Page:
Vicky Sanders, Co-Founder of RSRCHXchange, highlights the challenges MiFID 2 poses to buy-side and sell-side firms and predicts how the new rules will affect investment research in the next five years.
What will be the biggest impacts the new research unbundling requirements will have on the asset management industry?
The new research unbundling’s rules under MiFID 2 will completely change the culture of research. Currently research is not just a free lunch, it’s a free buffet. Asset managers can read as many reports as they would like and use as much analyst time as they are offered.
Buy-side fund managers and analysts are facing a big culture shock. Under the new rules, their consumption patterns will change since they will have to pay for research explicitly. They will become far more conscientious consumers because they will be required to assign each research report or analyst meeting with a specific cost. In fact, being a highly efficient consumer, generating the best returns for a specified research budget will likely become a strategic advantage, the new Sharpe Ratio and a key consideration for investors and chief investment officers.
Adjusting to the new rules is such a key concern that we conducted a survey of over 560 individuals from 450 buy-side firms; 85% of whom admitted they will not be ready before the final quarter this year.
What is most challenging about unbundling research for banks and brokers?
The first thing that comes to mind is pricing. In our recent survey, we asked the buy-side how difficult it felt it was for the sell-side to price research. Less than 10% said “easy” and 52% said “very difficult.” But I don’t think that’s the biggest challenge for sell-side firms. It’s not easy because banks have never put a dollar sign in front of their services before. Armed with the right market intelligence, the smart people on the sell-side will get it right in the end. However, in our survey, 77% of respondents expect the number of research providers to fall.
The hardest part will be managing clients who decide not to pay for research in fixed income currency and commodities (FICC). FICC sales operate very differently than those in equities. How do you cover a non-research customer and then pick up the phone to a research-paying client? A significant amount of training will be required, or accounts will be split between two different types of sales people, so that clients aren’t mistakenly induced.
With less than six months left to implementation, what should asset managers be doing now?
In the first half of 2017, we saw a shift in priorities. Last year, asset managers were focused on payment methodology. Firms were asking: will transactional Research Payment Accounts (RPAs) work operationally or be too complicated to administer? Can our firm afford to go hard dollar? There was little talk about accounting-method RPAs, although that has changed recently. Perhaps the shift is in response to warnings by the Financial Conduct Authority, or time ticking down to January 2018, but firms are far more focused on how to set a needs-based budget. This requires knowing what you need and being able to move quickly towards consumption tracking so that informed decisions can be made over the next several months.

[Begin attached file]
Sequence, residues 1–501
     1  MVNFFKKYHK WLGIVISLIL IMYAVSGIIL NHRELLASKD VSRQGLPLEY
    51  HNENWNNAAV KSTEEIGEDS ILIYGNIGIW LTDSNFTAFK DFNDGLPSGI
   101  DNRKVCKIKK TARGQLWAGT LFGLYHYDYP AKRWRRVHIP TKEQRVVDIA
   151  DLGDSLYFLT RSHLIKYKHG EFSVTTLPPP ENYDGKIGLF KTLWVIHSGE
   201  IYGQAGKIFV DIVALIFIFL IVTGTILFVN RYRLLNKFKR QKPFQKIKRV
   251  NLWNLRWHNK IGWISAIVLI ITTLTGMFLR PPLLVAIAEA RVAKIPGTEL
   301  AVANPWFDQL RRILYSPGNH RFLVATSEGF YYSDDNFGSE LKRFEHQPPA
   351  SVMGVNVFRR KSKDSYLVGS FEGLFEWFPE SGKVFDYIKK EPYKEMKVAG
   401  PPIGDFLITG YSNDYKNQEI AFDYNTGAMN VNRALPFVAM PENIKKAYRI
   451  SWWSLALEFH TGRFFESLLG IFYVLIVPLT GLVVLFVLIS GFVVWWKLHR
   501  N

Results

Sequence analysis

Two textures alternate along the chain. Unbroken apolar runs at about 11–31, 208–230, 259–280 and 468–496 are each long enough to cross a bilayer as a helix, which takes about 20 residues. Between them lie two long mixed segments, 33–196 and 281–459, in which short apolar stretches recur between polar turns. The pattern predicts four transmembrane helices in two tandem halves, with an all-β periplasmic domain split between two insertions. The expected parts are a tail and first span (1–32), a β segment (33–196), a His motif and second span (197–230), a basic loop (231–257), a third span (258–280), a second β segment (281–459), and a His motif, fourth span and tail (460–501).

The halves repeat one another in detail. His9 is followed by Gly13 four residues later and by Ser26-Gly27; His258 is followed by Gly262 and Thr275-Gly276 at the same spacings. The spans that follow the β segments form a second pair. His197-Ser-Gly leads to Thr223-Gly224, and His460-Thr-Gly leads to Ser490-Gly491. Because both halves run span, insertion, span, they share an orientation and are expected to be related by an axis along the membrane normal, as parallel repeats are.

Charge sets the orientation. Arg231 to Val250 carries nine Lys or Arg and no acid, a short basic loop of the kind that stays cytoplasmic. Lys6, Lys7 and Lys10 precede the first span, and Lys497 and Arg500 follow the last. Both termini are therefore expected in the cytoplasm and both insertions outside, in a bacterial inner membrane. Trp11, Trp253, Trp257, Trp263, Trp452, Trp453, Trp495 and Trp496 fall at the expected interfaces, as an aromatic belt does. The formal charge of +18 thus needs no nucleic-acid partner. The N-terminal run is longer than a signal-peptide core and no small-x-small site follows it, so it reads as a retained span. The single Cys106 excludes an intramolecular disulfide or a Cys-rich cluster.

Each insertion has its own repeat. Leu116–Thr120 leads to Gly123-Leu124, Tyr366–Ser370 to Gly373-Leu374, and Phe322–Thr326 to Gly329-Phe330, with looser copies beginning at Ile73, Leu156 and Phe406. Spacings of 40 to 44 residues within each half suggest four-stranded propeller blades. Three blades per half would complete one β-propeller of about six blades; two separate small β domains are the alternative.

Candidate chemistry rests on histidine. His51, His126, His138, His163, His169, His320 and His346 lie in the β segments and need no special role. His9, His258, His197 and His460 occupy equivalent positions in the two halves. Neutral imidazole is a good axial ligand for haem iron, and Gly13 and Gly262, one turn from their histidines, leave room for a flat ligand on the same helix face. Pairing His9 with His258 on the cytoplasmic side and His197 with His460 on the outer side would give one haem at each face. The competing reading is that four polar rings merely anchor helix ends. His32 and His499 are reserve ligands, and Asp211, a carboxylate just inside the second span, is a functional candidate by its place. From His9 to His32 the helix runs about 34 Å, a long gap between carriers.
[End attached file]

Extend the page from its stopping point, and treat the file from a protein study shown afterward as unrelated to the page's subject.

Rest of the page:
How will the workflow of fund managers and research analysts be affected?
There’s a good outcome and a bad one. I can imagine a world of laminated sheets listing which banks and providers a fund manager can use for different regional, sector, and asset class coverage. Lists then probably become matrices with service levels and offering menus. The complexity will make it hard for a fund manager to open an email or an analyst to pick up the phone without the risk of being induced by accepting services that weren’t paid for in advance. The FCA has suggested buy-side firms put systems in place where compliance teams can have control over access points. In that world, fund managers and analysts can continue to do their everyday work with the confidence that they aren’t being induced and won’t suffer any hidden charges.
What do you expect the research industry will look like in five years?
The research market will evolve into the combination of a more discerning consumer and more specialized provider. Sell-side firms are looking to new sources of data and technology in order to produce differentiated content. I don’t doubt that there will always be a place for traditional research analysts, but in five years they will be supplemented by new strategies. I also expect to see the rise of the specialist. Operating under tighter budgets, asset managers will be much more selective in the research they consume and will focus on expert analysts in niche areas that they don’t cover themselves.
About Vicky Sanders
Vicky Sanders is co-CEO and one of the two founders of RSRCHXchange, the aggregator and marketplace for institutional research. She has built a markets-focused technology company which is solving for the research procurement and distribution challenges arising from MiFID 2. Prior to setting up RSRCHXchange, Vicky was an Executive Director at Goldman Sachs in the Equity Sales division. She began her career at Merrill Lynch in London, where she worked in Global and European equity sales.
Originally from Boston, Vicky graduated cum laude from Harvard University in 2005, with a degree in economics.
The views expressed in this material are those of the author as of 8/11/17 and may or may not be consistent with the views of Brown Brothers Harriman & Co. and its subsidiaries and affiliates (“BBH”), and are intended for informational purposes only. Neither Brown Brothers Harriman nor its affiliates or its financial professionals render tax or legal advice. Please consult with attorney, accountant, and/or tax advisor for advice concerning your particular circumstances. BBH is not affiliated with Vicky Sanders or RSRCHXchange.